Director Andreas Dresen also relies on swarm intelligence as an opera maker. “I like working in an ensemble and working with other people,” said the 59-year-old on the sidelines of a new production at the Semperoper in Dresden – his version of Tchaikovsky’s “Queen of Spades” premiered there on July 1.

Dresen said a group’s imagination is much larger than that of a single person. That’s why he likes to take on ideas from others. “Theatre is something alive, the performers must be able to find their own space and position.”

Respect for the performance of the musicians

Especially in the opera he sees himself as a learner, stressed the director, who has received numerous awards. “Otherwise, opera is not my biotope. I know my way around film better. That’s why the work is very exciting for me. I keep encountering new questions here that I didn’t know before. That’s a self-confidence that I expose myself to and that I enjoy too.” He has an incredible respect for the discipline and physical performance of musicians and opera singers.

In “Pique Dame” he is particularly interested in the main character Hermann – a man who is torn between his love for a woman and a manic gambling addiction. “The relationship between the individual and society is the central theme in this opera.” Hermann is an outsider and wants to belong to a world where people lead better lives. “There’s something very present about it for me. You want to be recognized when you’re being excluded.”

The director sits between all chairs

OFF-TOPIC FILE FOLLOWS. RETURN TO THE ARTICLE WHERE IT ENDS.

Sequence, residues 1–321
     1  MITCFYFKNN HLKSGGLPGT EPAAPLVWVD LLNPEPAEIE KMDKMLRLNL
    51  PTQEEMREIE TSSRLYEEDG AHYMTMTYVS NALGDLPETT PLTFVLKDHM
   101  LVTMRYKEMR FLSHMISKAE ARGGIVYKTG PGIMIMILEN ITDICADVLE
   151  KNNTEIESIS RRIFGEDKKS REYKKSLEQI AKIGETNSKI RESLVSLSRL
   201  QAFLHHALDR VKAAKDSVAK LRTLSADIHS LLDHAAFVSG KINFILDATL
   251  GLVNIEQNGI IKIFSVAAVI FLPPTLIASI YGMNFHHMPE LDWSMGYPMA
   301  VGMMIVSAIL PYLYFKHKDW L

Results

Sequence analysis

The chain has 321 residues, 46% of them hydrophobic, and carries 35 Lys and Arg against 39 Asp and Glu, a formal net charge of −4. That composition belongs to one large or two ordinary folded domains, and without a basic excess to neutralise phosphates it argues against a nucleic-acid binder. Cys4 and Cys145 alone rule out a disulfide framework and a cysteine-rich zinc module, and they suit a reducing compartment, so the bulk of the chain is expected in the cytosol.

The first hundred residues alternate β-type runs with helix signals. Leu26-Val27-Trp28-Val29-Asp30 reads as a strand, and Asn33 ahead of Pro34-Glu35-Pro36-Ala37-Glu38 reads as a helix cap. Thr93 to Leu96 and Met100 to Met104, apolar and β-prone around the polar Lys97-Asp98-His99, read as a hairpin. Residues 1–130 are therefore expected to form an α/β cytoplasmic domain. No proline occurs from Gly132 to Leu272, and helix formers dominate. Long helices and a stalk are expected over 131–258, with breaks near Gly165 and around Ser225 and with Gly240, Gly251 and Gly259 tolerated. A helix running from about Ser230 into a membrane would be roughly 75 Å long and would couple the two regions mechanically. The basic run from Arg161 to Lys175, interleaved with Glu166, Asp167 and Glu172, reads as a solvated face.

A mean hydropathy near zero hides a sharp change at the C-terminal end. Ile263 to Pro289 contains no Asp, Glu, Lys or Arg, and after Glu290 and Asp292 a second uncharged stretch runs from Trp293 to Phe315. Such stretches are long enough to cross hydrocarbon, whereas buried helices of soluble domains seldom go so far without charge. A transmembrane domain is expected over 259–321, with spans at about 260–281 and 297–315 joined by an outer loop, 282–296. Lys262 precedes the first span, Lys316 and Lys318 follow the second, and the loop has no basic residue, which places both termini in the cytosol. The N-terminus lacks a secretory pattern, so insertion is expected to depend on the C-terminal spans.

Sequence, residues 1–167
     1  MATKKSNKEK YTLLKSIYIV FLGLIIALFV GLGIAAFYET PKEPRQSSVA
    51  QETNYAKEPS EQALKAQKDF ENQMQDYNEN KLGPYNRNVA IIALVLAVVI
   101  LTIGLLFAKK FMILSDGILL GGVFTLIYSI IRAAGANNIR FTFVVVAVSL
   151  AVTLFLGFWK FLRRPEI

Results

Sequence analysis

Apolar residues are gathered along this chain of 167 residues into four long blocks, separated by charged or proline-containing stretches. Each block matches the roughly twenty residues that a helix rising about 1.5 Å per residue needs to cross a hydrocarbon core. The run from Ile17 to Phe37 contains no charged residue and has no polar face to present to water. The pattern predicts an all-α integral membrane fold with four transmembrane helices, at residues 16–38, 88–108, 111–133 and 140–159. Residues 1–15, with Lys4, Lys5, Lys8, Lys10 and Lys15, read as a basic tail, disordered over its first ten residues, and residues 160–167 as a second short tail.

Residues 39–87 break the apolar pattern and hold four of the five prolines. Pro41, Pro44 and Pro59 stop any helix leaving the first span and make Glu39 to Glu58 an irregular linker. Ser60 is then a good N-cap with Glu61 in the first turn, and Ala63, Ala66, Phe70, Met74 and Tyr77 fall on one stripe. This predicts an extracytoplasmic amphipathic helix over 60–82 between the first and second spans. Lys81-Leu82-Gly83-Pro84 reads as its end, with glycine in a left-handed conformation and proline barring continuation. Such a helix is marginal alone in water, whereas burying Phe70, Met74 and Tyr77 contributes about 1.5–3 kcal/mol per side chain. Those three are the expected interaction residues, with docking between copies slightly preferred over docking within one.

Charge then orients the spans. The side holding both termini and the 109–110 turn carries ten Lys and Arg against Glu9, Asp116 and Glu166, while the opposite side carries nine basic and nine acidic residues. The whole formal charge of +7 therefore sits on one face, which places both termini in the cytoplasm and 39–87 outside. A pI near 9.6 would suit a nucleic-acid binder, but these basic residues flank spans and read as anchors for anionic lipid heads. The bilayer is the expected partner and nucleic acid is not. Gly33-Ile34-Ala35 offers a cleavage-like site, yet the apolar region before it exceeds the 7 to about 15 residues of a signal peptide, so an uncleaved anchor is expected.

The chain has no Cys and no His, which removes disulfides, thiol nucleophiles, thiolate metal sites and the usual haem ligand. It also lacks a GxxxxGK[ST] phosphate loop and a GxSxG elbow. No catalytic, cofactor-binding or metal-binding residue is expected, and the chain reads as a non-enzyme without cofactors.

Dresen sees only a few overlaps between directing film and opera. “It’s like another profession that only requires the same tools at a few points.” For example, when it comes to leading large groups of people and working with them psychologically in such a way that a good and therefore productive atmosphere is created. You need a mood where “everyone feels like doing something together”. Unlike in film, however, there is little room for improvisation in opera. However, both arts have the tight schedule in common.

By his own account, Dresen intervenes rather cautiously in an opera. “I make changes, but not as far as the narrative structure of the whole is concerned. I see where things can be streamlined dramaturgically, where accents can be set.” As an opera director you find yourself in a dilemma anyway. “If you do it too conventionally, then nothing comes to mind. And the public hates you for modernization. You just sit between all chairs.”

Producing an opera is not a request concert

“It’s important to me to tell the story in a way that people can understand,” said Dresen. It’s about developing your own perspective and not seeing the opera as something in a museum. “I try to build a bridge to the present through the interpretation, the stage design, through narrative focal points.” That’s why it would never have occurred to him to recreate a historic St. Petersburg for the “Pique Dame”. Dresen directed an opera for the first time in Basel in 2006 – Mozart’s “Don Giovanni”. Later, among other things, “Arabella” by Richard Strauss in Munich followed. “There are a few plays I’d like to do that nobody has offered me yet,” said the director, citing Alban Berg’s “Wozzeck” by name. He once shot a three-minute film for a Parisian “Lulu” performance and spent a lot of time with Alban Berg. “That’s really great music. I would be tempted anyway to go into the 20th century with the opera, i.e. more in the direction of the present. Unfortunately, as a director you can’t choose, it’s not a request concert.”